In 2004, the Government of India appealed the Delhi High Court to stop the process of liquidation as it intended to revive the closed fertilizer units of the FCI. Later, the Delhi High Court referred back the matter of closed units of FCI to the BIFR for considering revival of the Sindri fertilizer factory along with other closed down units of FCI at Ramagundam, Talcher, Gorakhpur and Korba.
The Government of India in April 2007 decided in principle to revive the closed Sindri fertilizer factory subject to availability of Natural Gas as input.
In 2010, the Government of India has decided to revive the Sindri fertilizer complex with SAIL as strategic partner and setting up a 5.6 MT Steel Plant, 1.15 MT Urea Plant and a 1000 MW Power Plant was contemplated. The SAIL launched special purpose vehicle for the purpose and got the name of the new project registered as SAIL Sindri Projects Limited(SSPL).
The BIFR on 27 June 2013 approved revival of the Sindri Fertilizer Plant along with other closed down units of the Fertilizer Corporation of India Limited (FCI). The BIFR clearance has paved the way for setting up of the industrial complex at a Sindri.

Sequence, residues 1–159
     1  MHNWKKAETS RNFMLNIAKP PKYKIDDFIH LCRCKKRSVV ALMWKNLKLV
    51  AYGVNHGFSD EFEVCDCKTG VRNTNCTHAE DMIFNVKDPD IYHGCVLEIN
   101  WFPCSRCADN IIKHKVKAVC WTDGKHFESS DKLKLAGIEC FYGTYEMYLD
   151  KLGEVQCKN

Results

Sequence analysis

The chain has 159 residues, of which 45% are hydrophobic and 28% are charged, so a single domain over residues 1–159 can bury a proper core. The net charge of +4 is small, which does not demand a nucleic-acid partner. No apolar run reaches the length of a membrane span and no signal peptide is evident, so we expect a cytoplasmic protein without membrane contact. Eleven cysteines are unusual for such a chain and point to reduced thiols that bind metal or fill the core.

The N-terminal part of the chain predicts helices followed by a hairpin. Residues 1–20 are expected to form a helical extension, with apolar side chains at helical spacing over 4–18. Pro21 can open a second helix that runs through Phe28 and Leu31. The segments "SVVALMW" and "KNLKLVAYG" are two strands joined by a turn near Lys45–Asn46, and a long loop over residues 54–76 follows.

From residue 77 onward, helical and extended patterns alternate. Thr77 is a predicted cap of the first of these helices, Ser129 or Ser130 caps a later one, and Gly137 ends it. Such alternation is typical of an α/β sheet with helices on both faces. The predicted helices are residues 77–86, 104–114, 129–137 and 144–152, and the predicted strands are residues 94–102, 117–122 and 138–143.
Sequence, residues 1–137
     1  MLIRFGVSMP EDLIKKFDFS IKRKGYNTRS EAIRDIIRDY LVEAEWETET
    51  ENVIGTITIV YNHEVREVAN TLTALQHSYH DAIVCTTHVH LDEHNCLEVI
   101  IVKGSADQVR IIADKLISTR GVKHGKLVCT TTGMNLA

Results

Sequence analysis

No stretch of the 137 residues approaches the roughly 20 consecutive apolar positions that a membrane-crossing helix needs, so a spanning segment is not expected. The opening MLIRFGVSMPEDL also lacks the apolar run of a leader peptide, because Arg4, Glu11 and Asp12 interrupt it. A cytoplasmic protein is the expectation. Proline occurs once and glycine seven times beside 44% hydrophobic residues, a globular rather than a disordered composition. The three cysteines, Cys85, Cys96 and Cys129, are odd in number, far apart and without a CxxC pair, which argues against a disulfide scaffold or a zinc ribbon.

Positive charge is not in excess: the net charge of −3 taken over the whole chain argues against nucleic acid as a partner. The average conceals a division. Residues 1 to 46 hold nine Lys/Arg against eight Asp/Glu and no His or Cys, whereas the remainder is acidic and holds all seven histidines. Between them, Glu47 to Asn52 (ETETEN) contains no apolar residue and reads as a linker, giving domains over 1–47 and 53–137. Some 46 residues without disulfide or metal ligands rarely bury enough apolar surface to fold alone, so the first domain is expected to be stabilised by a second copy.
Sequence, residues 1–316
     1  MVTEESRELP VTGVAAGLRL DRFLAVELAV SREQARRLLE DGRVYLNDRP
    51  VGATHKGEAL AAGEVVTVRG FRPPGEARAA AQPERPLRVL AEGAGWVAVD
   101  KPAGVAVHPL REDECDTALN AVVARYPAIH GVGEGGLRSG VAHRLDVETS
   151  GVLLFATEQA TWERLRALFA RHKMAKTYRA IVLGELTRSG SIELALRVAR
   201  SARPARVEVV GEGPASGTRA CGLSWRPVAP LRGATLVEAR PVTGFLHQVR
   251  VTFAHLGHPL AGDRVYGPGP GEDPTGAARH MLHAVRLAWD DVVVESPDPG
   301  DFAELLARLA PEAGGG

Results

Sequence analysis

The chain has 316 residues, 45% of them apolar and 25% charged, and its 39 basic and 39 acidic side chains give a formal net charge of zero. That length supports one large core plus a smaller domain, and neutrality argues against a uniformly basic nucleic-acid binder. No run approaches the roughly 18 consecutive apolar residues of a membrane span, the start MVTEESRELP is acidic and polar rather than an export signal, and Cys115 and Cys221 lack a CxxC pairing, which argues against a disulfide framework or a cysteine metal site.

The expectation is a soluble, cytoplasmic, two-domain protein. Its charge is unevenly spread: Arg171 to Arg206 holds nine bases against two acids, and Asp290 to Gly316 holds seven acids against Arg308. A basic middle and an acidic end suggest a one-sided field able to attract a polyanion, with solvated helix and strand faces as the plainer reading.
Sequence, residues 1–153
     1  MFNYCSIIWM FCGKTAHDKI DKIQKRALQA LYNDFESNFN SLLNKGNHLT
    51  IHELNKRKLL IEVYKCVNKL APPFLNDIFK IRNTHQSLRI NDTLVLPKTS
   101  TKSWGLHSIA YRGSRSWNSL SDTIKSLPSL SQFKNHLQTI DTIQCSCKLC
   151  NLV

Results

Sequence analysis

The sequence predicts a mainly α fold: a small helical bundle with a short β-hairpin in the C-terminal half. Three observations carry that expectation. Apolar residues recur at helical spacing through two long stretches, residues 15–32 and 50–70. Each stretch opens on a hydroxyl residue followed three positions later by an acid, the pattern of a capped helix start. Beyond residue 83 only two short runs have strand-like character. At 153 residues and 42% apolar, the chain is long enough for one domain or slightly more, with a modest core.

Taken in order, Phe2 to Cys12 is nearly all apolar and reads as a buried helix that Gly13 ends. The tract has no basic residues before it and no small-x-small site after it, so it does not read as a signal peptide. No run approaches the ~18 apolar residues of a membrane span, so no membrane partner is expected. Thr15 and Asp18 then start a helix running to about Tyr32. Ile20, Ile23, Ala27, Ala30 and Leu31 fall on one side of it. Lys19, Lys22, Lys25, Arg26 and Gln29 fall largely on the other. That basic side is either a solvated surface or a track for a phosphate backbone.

Approved DRS envisaged revival of Sindri unit by SAIL at estimated project cost of Rs. 35,000 Crores. However, not much progress was made due to non-availability of around 3000 Acres of contiguous piece of land for the Steel Plant due to encroachments. In the meantime, the due change in its modernization and expansion plan SAIL has taken a view not to pursue the Sindri Revival project further.
The Government of India has approved in May 2015 to revive the closed Sindri Fertilizer Plant through 'bidding route' with investment of Rs. 6,000 Crores. Accordingly, Bids have been invited from the interested investors, which is due to open in December 2015
As of 2001[update] India census, Sindri had a population of 76,827. Males constitute 54% of the population and females 46%. Sindri has an average literacy rate of 68%, higher than the national average of 59.5%: male literacy rate is 77%, and female literacy rate is 57%. In Sindri, 12% of the population is under 6 years of age.
- "Census of India 2001: Data from the 2001 Census, including cities, villages and towns (Provisional)". Census Commission of India. Archived from the original on 2004-06-16. Retrieved 2008-11-01.
2. Visit http://www.sindri.co.in